COUNT ROLLER SKATES by Thomas Sancton

COUNT ROLLER SKATES

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KIRKUS REVIEW

Count Casimir Poliatoffsky, part Mayan, part Polish, makes port in New Orleans content to continue his life as a sailor. He is present at a whorehouse shooting and wins the protection of the local political power and on another trip there he succumbs to his love for respectable Helen Moresu and marries her. Marriage and regular work is not the answer to his dreams, his visions, his flamboyance and his yearning to show his ability on roller skates so he teaches skating, tries to put on a show and fails, and, through his connection with the carnival people, has a violent affair with Phlame the Phlame Girl, which completely estranges Helen. A last attempt at skating is a roller skate ballet and when it turns into a farce his mental balance is in danger. But Helen's intervention saves him and he heads again for the sea. New Orleans of pre- and World War I years, of the dockside, the carnival and amusement world, the beginnings of jazz and the wide open red lights is a glaring background for this story of turbulence and turmoil. Publisher's publicity claims much for this -- it may not be that the public will go along.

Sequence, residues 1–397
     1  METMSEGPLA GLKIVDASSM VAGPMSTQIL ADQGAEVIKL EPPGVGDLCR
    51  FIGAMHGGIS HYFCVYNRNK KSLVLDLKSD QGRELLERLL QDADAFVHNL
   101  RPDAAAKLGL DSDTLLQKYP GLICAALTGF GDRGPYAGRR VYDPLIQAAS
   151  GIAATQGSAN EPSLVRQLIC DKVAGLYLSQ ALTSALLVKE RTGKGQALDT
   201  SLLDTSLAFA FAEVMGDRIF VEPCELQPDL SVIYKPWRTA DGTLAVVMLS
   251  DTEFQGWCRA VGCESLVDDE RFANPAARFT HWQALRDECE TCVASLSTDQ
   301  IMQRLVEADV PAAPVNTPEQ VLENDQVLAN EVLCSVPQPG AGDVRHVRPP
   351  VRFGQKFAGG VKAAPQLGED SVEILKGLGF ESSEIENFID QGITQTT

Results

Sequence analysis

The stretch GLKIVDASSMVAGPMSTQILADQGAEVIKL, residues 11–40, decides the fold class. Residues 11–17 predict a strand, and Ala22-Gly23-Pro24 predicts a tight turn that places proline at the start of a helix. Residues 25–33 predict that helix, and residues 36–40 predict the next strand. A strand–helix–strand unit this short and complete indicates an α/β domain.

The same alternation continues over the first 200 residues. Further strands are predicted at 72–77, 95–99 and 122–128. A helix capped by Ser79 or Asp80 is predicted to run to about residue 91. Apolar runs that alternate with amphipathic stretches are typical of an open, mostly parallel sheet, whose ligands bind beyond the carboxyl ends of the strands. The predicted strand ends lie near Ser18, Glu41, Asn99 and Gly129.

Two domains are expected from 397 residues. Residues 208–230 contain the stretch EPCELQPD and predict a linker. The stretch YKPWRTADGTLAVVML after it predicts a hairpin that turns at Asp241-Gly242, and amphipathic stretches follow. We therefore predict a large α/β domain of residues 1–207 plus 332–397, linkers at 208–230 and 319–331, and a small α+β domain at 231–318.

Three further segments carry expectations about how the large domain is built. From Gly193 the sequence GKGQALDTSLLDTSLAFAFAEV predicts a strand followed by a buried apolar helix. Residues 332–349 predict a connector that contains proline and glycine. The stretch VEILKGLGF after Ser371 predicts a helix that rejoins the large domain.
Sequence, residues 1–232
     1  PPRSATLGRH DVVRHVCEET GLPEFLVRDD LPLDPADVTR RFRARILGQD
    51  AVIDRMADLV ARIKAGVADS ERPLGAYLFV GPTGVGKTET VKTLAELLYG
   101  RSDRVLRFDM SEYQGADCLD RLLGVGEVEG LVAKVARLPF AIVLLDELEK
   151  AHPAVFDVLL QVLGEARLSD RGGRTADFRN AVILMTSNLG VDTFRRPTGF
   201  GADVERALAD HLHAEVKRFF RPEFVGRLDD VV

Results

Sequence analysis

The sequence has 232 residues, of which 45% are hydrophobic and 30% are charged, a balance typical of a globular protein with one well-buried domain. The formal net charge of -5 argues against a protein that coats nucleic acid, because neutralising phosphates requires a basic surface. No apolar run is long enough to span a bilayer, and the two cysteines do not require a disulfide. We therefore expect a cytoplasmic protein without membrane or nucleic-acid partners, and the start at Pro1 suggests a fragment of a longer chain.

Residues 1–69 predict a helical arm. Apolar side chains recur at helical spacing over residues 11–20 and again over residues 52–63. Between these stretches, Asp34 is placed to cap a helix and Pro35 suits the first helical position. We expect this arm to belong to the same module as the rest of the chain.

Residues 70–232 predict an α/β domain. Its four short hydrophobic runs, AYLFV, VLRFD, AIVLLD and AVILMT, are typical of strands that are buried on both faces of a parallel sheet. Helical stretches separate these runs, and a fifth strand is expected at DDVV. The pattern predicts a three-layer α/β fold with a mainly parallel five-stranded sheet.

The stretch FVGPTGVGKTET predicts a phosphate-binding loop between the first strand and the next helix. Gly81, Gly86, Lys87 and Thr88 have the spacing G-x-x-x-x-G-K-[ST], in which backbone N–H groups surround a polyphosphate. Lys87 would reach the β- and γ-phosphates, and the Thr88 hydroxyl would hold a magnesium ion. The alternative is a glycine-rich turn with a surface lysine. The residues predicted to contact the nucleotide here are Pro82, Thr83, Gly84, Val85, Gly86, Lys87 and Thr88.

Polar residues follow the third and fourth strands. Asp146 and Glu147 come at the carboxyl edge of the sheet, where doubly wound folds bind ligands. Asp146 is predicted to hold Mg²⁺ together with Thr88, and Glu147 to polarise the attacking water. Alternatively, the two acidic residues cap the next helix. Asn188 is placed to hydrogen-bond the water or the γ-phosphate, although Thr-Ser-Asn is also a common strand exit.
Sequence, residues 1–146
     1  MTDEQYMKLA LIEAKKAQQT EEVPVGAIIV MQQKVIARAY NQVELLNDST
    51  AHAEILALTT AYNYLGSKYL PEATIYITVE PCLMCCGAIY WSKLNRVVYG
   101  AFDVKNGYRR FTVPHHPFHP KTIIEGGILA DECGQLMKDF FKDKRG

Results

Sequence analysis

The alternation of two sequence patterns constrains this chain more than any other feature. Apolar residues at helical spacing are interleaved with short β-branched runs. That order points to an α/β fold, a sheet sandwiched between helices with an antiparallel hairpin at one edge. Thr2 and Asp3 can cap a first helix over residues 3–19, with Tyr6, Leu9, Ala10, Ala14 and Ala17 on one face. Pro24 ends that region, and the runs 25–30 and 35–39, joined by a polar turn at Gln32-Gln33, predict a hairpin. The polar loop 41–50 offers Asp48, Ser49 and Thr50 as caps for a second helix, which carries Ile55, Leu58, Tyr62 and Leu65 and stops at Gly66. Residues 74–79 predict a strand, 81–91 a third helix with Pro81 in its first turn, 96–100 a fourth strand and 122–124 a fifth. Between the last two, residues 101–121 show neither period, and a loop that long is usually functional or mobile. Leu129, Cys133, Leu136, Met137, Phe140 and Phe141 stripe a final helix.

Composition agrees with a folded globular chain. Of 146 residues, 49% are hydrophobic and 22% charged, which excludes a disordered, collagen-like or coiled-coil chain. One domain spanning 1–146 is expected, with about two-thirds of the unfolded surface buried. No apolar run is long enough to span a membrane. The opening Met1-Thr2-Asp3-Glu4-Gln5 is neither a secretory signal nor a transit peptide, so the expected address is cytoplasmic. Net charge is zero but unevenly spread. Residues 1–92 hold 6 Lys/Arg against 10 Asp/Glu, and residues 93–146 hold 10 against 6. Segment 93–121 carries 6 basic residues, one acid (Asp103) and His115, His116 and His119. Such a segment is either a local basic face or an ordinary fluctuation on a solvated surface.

Pub Date: Dec. 27th, 1956
Publisher: Doubleday